Taylor Acoustic Electric Guitar!
With The Taylor Expression System
Taylor Acoustic Electric Guitar
If you’re not careful, you could try to put Taylor in the wrong box.
While true acoustic guitars may be the first thing you think of when you hear their name, a complete Taylor acoustic electric line is the bread and butter of today’s Taylor.
Taylor is a major player across the guitar industry, despite being a relatively young company.
While big-name makers like Fender and Gibson have origins deep in the past, Taylor is a fresh-faced kid on the guitar market, offering products only since 1974.
They make true acoustics, a complete acoustic/electric line and even solid-body electric guitars.
Their large acoustic/electric line covers just about every niche within that market.
The bulk of their models are numbered with a hundred-series system.
Acoustic/electric models fall into the 300 to 900 series, with additional 12-string and other specialty models.
In general, wood quality increases as the model number gets larger -- and ornamentation goes from practically nonexistent to almost gaudy.
Retail prices for the 300 series models start at under $2,000.
Prices go up from there, with 900 series models starting at nearly five grand.
Taylor is known for beautifully crafted guitars with finishes that show off the natural properties of the wood rather than showing off the varnish job.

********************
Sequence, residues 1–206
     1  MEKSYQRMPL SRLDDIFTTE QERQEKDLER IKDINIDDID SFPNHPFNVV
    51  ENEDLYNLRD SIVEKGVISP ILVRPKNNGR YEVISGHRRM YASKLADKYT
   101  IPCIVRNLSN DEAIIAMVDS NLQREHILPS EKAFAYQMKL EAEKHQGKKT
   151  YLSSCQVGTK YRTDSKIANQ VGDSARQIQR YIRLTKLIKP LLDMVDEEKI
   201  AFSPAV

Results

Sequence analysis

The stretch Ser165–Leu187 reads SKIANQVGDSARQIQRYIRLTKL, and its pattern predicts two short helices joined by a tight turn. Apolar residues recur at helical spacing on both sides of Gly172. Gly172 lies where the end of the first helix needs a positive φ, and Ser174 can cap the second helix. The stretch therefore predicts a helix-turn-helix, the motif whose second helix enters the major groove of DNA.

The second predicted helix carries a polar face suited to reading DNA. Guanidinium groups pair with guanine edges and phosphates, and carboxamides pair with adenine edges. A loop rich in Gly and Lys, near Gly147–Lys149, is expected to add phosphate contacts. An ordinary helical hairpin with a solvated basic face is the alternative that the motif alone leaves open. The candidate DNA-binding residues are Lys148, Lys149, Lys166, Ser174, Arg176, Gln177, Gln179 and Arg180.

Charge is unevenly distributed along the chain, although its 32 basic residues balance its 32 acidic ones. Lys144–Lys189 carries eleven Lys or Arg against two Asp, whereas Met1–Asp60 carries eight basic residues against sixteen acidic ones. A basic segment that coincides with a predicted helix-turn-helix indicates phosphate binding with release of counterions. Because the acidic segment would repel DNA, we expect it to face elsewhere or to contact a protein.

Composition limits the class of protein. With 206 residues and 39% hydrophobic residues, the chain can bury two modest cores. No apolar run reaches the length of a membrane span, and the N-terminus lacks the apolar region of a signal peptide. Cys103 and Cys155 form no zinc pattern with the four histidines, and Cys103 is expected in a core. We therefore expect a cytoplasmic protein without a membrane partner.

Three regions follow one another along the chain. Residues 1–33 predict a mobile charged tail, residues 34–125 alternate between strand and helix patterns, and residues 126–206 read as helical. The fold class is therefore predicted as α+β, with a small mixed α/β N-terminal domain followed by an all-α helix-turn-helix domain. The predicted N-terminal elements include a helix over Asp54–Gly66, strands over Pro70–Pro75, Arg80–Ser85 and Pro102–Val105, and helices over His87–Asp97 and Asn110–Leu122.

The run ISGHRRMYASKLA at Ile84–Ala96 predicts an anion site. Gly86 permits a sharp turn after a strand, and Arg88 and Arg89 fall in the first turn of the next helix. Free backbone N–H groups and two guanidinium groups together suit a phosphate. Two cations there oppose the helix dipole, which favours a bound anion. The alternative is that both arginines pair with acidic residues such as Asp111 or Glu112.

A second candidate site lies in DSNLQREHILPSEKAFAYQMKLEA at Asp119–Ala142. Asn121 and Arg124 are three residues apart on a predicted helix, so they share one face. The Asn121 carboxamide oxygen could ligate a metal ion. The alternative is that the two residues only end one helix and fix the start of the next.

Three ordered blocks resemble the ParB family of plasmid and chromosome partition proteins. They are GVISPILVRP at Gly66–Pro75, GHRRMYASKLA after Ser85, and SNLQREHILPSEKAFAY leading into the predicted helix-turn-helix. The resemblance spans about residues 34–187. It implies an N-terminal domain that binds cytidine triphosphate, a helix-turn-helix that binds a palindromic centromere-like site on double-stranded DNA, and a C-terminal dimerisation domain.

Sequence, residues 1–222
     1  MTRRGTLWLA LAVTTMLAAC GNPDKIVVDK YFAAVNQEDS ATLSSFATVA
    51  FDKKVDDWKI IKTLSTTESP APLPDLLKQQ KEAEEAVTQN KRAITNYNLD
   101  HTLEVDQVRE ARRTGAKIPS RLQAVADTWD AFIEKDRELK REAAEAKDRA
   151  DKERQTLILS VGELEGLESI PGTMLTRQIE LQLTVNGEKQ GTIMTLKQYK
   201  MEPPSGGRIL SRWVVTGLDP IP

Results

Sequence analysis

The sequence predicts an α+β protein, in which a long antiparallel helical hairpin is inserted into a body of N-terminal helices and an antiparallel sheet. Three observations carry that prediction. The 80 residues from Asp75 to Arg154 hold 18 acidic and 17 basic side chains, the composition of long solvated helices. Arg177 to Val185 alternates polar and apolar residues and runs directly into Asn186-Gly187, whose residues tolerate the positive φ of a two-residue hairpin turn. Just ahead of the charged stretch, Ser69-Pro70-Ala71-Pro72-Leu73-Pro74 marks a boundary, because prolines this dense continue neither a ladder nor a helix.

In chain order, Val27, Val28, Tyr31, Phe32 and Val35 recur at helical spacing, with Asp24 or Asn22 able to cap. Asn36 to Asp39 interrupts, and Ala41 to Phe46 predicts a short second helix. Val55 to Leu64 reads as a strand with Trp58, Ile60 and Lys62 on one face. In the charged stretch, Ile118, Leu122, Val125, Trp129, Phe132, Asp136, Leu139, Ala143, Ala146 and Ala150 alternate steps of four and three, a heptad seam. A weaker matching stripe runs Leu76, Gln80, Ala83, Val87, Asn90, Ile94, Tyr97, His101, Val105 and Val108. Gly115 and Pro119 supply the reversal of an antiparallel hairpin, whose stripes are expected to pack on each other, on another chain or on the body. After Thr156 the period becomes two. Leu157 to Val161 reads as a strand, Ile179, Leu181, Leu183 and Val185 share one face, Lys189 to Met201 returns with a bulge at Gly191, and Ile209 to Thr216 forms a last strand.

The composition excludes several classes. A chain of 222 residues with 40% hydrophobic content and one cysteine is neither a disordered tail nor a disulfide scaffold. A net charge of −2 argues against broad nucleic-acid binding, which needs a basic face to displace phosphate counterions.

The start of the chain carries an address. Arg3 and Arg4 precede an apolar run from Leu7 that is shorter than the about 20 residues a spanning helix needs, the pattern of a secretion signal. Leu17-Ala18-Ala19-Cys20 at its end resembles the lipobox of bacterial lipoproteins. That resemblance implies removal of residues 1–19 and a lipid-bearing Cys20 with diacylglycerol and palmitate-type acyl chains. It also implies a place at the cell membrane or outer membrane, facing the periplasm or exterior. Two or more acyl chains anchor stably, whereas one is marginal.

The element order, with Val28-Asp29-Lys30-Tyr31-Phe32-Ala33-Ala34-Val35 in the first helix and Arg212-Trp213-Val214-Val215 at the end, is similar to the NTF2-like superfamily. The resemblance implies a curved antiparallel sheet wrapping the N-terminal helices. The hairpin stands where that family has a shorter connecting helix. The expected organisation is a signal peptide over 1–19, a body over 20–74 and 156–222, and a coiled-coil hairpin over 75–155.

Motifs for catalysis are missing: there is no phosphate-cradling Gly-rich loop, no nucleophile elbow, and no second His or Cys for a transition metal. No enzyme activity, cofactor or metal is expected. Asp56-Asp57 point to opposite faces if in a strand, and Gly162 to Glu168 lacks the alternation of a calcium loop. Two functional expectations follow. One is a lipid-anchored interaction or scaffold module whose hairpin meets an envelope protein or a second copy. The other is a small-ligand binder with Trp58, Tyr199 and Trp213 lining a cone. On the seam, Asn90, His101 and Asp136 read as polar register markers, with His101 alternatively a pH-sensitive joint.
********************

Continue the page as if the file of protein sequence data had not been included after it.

But Taylor has reached its respected status for more than just looks.
Taylor acoustic/electric models feature a proprietary Taylor pickup system, which works very differently from pickups in other brands of electric guitars.
The Taylor Expression System is made up of two dynamic soundboard transducers that are wired directly into an on-board preamp.
The expression system also has a unique humbucking induction pickup at the neck position.
To get the power needed for this unique system, users have to make sure they keep a fresh 9-volt battery installed. (AA batteries were used before 2007.)
Other brands use single-coil pickups or some version of humbucker pickups, usually placed on the neck and bridge.
When Bob Taylor started working at American Dream -- an aptly named company -- in 1972, he couldn’t have known that by 1974, he and co-worker Kurt Listug would own the company.
And neither of them could have known the role their guitars would play in American music.
While Taylor acoustic electric guitar models have never reached the sales levels of some competing models, the company has nothing to complain about.
Three or four decades isn’t very long in the guitar business, so the relatively young Taylor company has plenty of time to grow even more -- if they want to.
Imagine the possibilities.
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